Babcock Hall Ice Cream
The Babcock Hall Dairy Store churns out thousands of gallons of yummy ice cream annually — enough to evoke must-have memories for alumni and impromptu breakfasts for students dashing between classes.
If ever there were a sign someone is a campus institution, it would have to be getting his or her own ice cream flavor. Barry Alvarez, Bo Ryan, and Chancellor Biddy Martin PhD’85 have all earned attention from the Babcock Hall Dairy Plant — via the tasty tributes named Berry Alvarez, Bo’s Express, and Strawbiddy Swirl. More recently, UW-Madison’s fight song inspired On, Wisconsin! — a cheesecake-flavored ice cream with a dark chocolate swirl and chocolate-covered cranberries.
Since 1951, the UW has been making ice cream (alongside cheese and milk products) inside the dairy plant on the west side of campus. Over the years, the frozen treat has become a tourist attraction, considered a must-do — make that a must-eat — for alumni, students, and visitors.
Production is decidedly small scale. The plant has a single ice cream machine and, depending on a flavor’s complexity, a team of two to four staffers, to crank out approximately seventy-five thousand gallons a year. Operations slow down in January and February, Madison’s coldest months.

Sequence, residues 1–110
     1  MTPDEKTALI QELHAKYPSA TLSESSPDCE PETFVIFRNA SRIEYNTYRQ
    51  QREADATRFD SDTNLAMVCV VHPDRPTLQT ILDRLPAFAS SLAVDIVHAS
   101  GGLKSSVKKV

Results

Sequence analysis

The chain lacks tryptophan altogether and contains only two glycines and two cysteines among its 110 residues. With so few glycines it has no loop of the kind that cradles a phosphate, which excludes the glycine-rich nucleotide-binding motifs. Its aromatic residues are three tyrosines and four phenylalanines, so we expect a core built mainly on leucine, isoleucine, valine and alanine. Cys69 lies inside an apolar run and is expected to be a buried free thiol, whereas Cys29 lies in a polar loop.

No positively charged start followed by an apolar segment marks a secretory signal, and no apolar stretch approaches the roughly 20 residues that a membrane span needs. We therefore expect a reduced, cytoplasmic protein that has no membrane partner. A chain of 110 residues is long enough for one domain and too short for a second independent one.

The ice cream recipe has remained the same for the past six decades, though some of the offerings have varied. There have been some failures. Peanut Butter and Jelly had poor sales, as did Christmas Surprise and Sunflower Seed, for obvious reasons. Among the standard flavors always available, Vanilla is most popular, followed by Chocolate Chip Cookie Dough.
To get an idea of where ice cream fits into campus culture, spend a little time in the Babcock Hall Dairy Store on a weekday morning between classes. That’s when a line of students forms. Some order coffee or grab a bagel, but many decide to start the day off with a waffle cone loaded with Chocolate Peanut Butter or Strawberry. They’re not alone: head ice cream maker Tim Haas has been known to enjoy a large bowl of the stuff for breakfast, too.
Published in the Summer 2010 issue